The federalism path to education freedom

The Teach Coalition Office of Jewish Education Policy and Research released a study last week on enrollment in New York Jewish Day Schools. Enrollment growth has slowed, and after exploring multiple potential causes, they concluded that a primary driver has been Florida attracting young families:

“We therefore conclude that slowing enrollment growth in New York is likely because Jewish families are moving to other states…We cannot definitively answer why Jewish families appear to be leaving New York. However, since 2015 we have observed the highest Jewish kindergarten enrollment growth in states with a combination of lower cost of living, lower tuition costs, and/or government sponsored K-12 scholarships. It therefore seems likely that the high costs of living and Jewish education is driving young families out of New York…Indeed, California – which like New York has cost of living and tuition rates considerably higher than the national average – also saw a decline in Jewish kindergarten enrollment since 2015.”

I suspect this trend is just getting warmed up. I’m aware of reports of families moving to Arizona from California and elsewhere in part to participate in K-12 choice programs. Governors have competed fiercely for companies for decades, but now that competition has trended to include a competition for residents and taxpayers.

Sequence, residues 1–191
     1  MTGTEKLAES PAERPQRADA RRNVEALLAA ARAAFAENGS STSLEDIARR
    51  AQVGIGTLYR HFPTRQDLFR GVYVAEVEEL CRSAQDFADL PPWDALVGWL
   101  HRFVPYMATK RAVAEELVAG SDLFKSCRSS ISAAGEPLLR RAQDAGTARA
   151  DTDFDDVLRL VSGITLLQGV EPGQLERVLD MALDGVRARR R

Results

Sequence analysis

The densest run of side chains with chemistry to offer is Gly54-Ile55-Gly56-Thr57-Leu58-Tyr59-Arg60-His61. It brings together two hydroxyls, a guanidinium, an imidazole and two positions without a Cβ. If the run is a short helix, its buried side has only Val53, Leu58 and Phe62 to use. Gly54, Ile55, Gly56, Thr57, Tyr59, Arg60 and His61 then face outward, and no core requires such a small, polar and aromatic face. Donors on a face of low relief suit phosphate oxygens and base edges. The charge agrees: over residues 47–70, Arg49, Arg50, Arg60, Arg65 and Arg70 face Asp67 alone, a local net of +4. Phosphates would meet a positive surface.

The governors of Alabama and Texas have announced their support for taking their states green on the above unofficial “rubusto choice” map. If you are the parent of young children, and you find yourself in a gray state, a readily available solution would be to move to a state that is willing to put you in the education driver’s seat. Life is short; best to take control of it.

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BY Matthew Ladner

Matthew Ladner is executive editor of NextSteps. He has written numerous studies on school choice, charter schools and special education reform, and his articles have appeared in Education Next; the Catholic Education: A Journal of Inquiry and Practice; and the British Journal of Political Science. He is a graduate of the University of Texas at Austin and received a master's degree and a Ph.D. in political science from the University of Houston. He lives in Phoenix with his wife and three children.